KN was arrested for selling crack cocaine to an undercover agent (hereafter described as “the transaction). He was charged with manufacture and delivery of a controlled substance, a class 2 felony. A class 2 felony is punishable by a sentence of up to 7 years in prison.
Upon being hired by the family, our initial investigation uncovered that KH was arrested 90 minutes after the transaction was completed. A further analysis of the arrest reports showed that surveillance on the suspect was completely lost for over 90 minutes after the alleged transaction. No one could explain where the offender went during that period.
Additionally, we discovered a major discrepancy regarding the description of KH in the arrest report. During the transaction, KN was described as wearing a red shirt with long pants. However, at the time of arrest, he was described as wearing a red shirt with shorts. This may not seem like a major difference to some but it is extremely important to the defense of the case. It bears on the possible misidentification of a suspect.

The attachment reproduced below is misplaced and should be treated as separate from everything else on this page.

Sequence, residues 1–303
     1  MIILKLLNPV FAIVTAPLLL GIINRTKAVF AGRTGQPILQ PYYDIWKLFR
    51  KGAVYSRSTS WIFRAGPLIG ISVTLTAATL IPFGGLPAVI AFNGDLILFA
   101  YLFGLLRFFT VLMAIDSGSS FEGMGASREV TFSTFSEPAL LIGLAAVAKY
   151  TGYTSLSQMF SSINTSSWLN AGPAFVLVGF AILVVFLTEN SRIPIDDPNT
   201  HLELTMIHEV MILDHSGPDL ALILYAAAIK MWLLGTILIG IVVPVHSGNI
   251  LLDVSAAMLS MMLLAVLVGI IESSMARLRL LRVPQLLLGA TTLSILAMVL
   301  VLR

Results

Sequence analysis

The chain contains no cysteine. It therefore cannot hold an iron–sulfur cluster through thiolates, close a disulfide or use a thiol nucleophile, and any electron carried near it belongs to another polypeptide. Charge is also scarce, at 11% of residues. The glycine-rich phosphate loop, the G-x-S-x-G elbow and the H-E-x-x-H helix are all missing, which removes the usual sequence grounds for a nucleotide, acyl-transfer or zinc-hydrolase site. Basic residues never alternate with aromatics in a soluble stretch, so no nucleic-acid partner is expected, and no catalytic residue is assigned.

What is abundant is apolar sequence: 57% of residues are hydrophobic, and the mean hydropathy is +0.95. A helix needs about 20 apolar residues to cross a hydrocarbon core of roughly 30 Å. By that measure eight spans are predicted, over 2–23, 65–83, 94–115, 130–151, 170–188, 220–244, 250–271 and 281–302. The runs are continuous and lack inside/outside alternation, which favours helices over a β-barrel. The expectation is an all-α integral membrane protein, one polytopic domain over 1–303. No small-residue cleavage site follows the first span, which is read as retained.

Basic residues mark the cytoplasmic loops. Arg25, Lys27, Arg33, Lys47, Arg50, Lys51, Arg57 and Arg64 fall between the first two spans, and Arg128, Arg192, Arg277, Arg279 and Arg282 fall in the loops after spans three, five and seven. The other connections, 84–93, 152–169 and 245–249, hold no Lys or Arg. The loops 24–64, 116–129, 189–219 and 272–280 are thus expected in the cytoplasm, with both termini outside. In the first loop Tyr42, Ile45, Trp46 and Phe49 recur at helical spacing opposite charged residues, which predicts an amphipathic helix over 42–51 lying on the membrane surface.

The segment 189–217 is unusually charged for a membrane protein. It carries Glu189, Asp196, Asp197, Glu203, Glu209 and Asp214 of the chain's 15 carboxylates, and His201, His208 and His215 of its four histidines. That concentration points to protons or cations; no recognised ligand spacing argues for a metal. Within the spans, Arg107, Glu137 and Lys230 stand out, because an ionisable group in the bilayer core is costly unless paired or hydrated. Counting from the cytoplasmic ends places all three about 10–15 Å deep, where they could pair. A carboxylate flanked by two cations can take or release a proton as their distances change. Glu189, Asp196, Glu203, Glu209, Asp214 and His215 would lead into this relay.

The difference of clothing combined with the window of time in which surveillance was lost, created more than enough doubt as to whether KH was the same suspect whom sold crack cocaine to the undercover agent. As a result, KH turned down all plea offers and we proceeded to trial.
Our defense focused primarily on the period of time where surveillance was lost and the discrepancy in clothing. During the trial, 2 separate police officers were subjected to a vigorous cross-examination. The officers admitted to the loss of surveillance and difference in clothing but both insisted the right guy was arrested. The State argued that KH must have changed from pants to shorts during the 90 minute window. In ruling, the Judge stated that the State had failed to meet their burden and that there was reasonable as to whether KH was the same person who sold crack cocaine to the undercover agent. FINDING OF NOT GUILTY.